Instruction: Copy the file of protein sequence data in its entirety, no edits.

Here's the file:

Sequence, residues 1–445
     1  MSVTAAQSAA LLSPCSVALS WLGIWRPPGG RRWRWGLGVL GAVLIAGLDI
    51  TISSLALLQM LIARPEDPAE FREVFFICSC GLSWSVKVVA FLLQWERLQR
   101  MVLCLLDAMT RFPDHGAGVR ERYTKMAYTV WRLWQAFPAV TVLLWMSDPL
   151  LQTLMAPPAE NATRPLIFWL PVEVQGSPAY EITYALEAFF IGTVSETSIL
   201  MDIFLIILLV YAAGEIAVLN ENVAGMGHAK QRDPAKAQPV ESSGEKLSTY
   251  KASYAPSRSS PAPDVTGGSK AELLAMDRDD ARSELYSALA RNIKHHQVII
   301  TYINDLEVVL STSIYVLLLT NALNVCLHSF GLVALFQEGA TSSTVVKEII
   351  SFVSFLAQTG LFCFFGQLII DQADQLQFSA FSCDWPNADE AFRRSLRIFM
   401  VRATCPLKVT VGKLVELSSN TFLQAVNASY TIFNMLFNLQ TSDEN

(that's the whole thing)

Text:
Sequence, residues 1–445
     1  MSVTAAQSAA LLSPCSVALS WLGIWRPPGG RRWRWGLGVL GAVLIAGLDI
    51  TISSLALLQM LIARPEDPAE FREVFFICSC GLSWSVKVVA FLLQWERLQR
   101  MVLCLLDAMT RFPDHGAGVR ERYTKMAYTV WRLWQAFPAV TVLLWMSDPL
   151  LQTLMAPPAE NATRPLIFWL PVEVQGSPAY EITYALEAFF IGTVSETSIL
   201  MDIFLIILLV YAAGEIAVLN ENVAGMGHAK QRDPAKAQPV ESSGEKLSTY
   251  KASYAPSRSS PAPDVTGGSK AELLAMDRDD ARSELYSALA RNIKHHQVII
   301  TYINDLEVVL STSIYVLLLT NALNVCLHSF GLVALFQEGA TSSTVVKEII
   351  SFVSFLAQTG LFCFFGQLII DQADQLQFSA FSCDWPNADE AFRRSLRIFM
   401  VRATCPLKVT VGKLVELSSN TFLQAVNASY TIFNMLFNLQ TSDEN